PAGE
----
of this software and associated documentation files (the "Software"), to deal
in the Software without restriction, including without limitation the rights
to use, copy, modify, merge, publish, distribute, sublicense, and/or sell
copies of the Software, and to permit persons to whom the Software is
furnished to do so, subject to the following conditions:

The above copyright notice and this permission notice shall be included in all
copies or substantial portions of the Software.

THE SOFTWARE IS PROVIDED "AS IS", WITHOUT WARRANTY OF ANY KIND, EXPRESS OR
IMPLIED, INCLUDING BUT NOT LIMITED TO THE WARRANTIES OF MERCHANTABILITY,
FITNESS FOR A PARTICULAR PURPOSE AND NONINFRINGEMENT. IN NO EVENT SHALL THE
AUTHORS OR COPYRIGHT HOLDERS BE LIABLE FOR ANY CLAIM, DAMAGES OR OTHER
LIABILITY, WHETHER IN AN ACTION OF CONTRACT, TORT OR OTHERWISE, ARISING FROM,
OUT OF OR IN CONNECTION WITH THE SOFTWARE OR THE USE OR OTHER DEALINGS IN THE
SOFTWARE.

References

Coyle, Jeremy R, Nima S Hejazi, Ivana Malenica, and Oleg Sofrygin. 2019. “sl3: Modern Pipelines for Machine Learning and Super Learning.” https://github.com/tlverse/sl3. https://doi.org/10.5281/zenodo.3251138.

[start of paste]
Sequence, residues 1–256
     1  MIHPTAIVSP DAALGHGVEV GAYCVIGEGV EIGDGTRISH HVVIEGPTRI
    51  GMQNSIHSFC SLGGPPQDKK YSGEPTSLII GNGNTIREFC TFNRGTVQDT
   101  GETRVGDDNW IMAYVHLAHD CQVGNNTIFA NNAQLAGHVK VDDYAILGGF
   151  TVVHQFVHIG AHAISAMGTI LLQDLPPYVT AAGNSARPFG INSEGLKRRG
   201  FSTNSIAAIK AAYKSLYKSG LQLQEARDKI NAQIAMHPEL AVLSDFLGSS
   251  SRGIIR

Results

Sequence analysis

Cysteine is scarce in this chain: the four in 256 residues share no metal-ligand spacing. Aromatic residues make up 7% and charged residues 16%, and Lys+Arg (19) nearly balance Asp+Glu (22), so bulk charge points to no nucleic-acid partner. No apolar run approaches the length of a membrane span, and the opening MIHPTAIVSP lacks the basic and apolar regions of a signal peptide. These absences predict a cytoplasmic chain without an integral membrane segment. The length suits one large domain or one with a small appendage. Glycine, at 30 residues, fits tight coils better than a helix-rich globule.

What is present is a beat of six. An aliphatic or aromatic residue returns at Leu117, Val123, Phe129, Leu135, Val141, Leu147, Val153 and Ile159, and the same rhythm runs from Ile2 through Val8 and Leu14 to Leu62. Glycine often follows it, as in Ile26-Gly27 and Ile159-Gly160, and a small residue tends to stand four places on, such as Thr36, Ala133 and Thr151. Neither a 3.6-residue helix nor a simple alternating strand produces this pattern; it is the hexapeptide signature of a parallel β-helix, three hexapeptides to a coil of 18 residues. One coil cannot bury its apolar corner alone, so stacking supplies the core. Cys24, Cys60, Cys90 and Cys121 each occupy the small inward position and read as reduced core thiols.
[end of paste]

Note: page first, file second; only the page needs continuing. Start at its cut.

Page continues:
Díaz, Iván, and Nima S Hejazi. 2019. “Causal Mediation Analysis for Stochastic Interventions.” Submitted. https://arxiv.org/abs/1901.02776.

Díaz, Iván, and Mark J van der Laan. 2011. “Super Learner Based Conditional Density Estimation with Application to Marginal Structural Models.” The International Journal of Biostatistics 7 (1). De Gruyter: 1–20.

———. 2012. “Population Intervention Causal Effects Based on Stochastic Interventions.” Biometrics 68 (2). Wiley Online Library: 541–49.

———. 2018. “Stochastic Treatment Regimes.” In Targeted Learning in Data Science: Causal Inference for Complex Longitudinal Studies, 167–80. Springer Science & Business Media.

Pfanzagl, J, and W Wefelmeyer. 1985. “Contributions to a General Asymptotic Statistical Theory.” Statistics & Risk Modeling 3 (3-4): 379–88.

Rose, Sherri, and Mark J van der Laan. 2011. “A Targeted Maximum Likelihood Estimator for Two-Stage Designs.” The International Journal of Biostatistics 7 (1): 1–21.